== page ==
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Illegal parking in downtown Annapolis targeted

Parking enforcement officers soon will start using automatic license plate reading technology to enforce downtown Annapolis parking laws, especially along residential streets that require stickers.
Downtown residents have complained for years about lax residential parking enforcement, and those complaints have become louder since the city increased the number of 2 a.m. liquor licenses. Now city officials say they will act to keep residential streets quieter after bars close and open parking spots so that downtown residents can park near their homes.

"It's a quality-of-life issue for our residents," said Richard Newell, director of the city's Transportation Department.

The loud people coming and going from bars often violate short-term residential parking rules, he said. Stricter parking law enforcement, he said, will "bring some relief" to downtown residents who prefer less boisterous streets and have "the reasonable expectation" that they'll be able to park close to their homes.

The city began cracking down on parking violators this summer by keeping parking enforcement officers on the streets longer - until 11:30 p.m. or midnight.

The parking laws were never seriously enforced before, said Joe Budge, president of the Ward One Residents Association.

More than 2,500 parking citations were issued in August, bringing in $77,218. That's about 400 more parking citations and almost $20,000 more in citation revenue than in August 2010.

Those numbers are expected to go up again after the City Council's Sept. 26 approval of $90,000 for the Transportation Department to enhance parking enforcement via automatic license plate recognition, or ALPR, systems.

Newell said that within six to eight weeks, parking officers will be equipped with ALPR hardware and software costing $77,000. The remaining $13,000 will be spent on a new parking enforcement vehicle.

For years, the Ward One Residents Association has pressured the city to discourage noisy bar-goers from parking in residential districts. It strongly supports the new technology, which, Budge said, will allow officers to monitor parking more efficiently and quickly.

Like handheld ticket writers and red light cameras, ALPR systems are designed to make officers' jobs easier and safer, city officials said.

Bob Lehmkuhl, a city parking enforcement officer for 11 years, walks downtown streets from 3 to 11 p.m., chalking car tires and squinting through windshields.

Sometimes a sticker isn't in the right place, or the window is so dirty it's like looking into the Chesapeake Bay.

Officers using ALPR can store a license plate number or an image of the license plate - rather than chalking a tire and writing down the number - and determine how long the car has been parked. ALPR then lists any permits registered for the car, such as residential or handicapped, and any parking laws the vehicle is violating.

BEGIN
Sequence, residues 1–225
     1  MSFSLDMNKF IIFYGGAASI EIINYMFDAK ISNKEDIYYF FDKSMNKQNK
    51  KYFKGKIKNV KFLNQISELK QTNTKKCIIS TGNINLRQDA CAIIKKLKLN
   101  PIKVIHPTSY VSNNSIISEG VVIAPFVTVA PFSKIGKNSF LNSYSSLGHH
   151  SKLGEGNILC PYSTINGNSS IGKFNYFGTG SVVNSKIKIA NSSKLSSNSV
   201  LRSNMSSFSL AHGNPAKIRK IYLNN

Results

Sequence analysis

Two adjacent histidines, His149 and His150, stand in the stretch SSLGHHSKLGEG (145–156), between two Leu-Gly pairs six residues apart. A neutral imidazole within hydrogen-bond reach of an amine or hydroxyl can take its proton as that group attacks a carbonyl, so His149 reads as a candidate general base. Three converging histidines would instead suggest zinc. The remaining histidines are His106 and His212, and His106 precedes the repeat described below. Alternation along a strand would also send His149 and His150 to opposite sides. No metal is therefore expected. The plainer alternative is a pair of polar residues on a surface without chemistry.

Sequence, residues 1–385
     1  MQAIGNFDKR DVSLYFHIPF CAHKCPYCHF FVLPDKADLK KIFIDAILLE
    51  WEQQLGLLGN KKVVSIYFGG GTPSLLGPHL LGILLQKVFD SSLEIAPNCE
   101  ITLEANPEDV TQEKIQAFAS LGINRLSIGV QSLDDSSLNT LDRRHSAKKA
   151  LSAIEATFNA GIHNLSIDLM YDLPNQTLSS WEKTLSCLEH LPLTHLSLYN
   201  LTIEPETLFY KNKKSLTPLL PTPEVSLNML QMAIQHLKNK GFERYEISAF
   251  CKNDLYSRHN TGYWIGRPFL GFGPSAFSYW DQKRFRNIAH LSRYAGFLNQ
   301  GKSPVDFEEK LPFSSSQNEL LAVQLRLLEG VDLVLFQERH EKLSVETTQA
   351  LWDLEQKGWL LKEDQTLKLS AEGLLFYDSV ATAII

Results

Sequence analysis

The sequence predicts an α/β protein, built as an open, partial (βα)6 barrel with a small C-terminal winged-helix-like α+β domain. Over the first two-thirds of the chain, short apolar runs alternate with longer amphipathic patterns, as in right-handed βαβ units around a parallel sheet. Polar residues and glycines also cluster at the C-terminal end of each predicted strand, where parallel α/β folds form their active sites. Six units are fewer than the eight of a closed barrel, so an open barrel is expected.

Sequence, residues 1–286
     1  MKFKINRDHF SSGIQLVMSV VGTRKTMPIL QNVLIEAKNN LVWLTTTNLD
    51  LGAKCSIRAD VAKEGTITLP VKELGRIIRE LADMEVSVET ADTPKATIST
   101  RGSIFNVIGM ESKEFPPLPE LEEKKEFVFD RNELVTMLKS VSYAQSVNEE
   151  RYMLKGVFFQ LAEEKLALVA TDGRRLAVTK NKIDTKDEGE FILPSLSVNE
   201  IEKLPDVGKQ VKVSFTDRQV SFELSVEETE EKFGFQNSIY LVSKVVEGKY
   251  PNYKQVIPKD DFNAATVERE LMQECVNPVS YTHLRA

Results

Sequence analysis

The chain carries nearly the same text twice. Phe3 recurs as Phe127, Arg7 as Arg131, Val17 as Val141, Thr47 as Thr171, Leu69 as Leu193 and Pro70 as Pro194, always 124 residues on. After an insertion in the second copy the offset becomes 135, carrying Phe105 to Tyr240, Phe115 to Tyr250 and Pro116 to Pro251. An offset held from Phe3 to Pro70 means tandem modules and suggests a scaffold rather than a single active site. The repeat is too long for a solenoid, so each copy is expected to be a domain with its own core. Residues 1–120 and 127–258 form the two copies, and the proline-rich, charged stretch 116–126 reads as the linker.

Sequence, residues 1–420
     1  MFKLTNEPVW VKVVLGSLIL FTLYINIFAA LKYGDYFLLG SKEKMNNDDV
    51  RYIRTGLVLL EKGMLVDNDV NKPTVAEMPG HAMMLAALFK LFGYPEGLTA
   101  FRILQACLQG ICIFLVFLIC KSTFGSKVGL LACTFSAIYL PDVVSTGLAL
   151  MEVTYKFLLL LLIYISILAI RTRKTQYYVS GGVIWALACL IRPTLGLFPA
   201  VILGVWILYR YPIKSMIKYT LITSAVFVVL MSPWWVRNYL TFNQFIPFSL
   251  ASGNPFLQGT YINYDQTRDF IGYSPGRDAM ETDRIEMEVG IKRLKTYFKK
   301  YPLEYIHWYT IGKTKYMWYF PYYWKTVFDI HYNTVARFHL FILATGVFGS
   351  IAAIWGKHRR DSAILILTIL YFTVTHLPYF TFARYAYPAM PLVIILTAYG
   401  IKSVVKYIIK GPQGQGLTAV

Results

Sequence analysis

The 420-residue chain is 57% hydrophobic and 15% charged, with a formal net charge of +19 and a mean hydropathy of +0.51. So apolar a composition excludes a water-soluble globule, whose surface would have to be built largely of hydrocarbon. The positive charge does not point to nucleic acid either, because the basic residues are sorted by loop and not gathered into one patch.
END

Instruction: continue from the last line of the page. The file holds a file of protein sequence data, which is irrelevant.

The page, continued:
The officer can do all this without getting out of his car. Lehmukuhl, who often walks the narrow streets at night wearing a dark blue uniform and feeling invisible to cars driving by, said this will increase officer safety.

Finding a spot

Sean O'Neill, president of Annapolis Business Association, said increased parking enforcement is likelier to hurt employees of businesses than to discourage customers, who usually park in the garages.

The problem, he said, is not a lack of available parking, but lack of information on where people can park.

Unless the city installs more garage signs and sufficiently advertises services such as Park & Shop and the city bus system's Circulator service, then "this parking enforcement effort is not coordinated," O'Neill said.

The Circulator shuttle connects the three downtown garages: Park Place, Knighton and Gotts Court. The Circulator is free with a parking garage ticket; it costs 50 cents to hail a ride off the street.

The Circulator paved the way for stricter parking enforcement, city officials said.

"The reason we didn't take an unyielding approach previously is because we first had to come up with an alternative," Newell said. "We never wanted to appear anti-business."

Introduced in July, the Circulator is still in a six-month pilot phase.

Newell said the city is working on more aggressive marketing for garages and the Circulator, which should be developed soon.

But another major parking issue probably can't be fixed.

"There is parking available. People just don't want to pay to park," O'Neill said.
Annapolis Transportation Department
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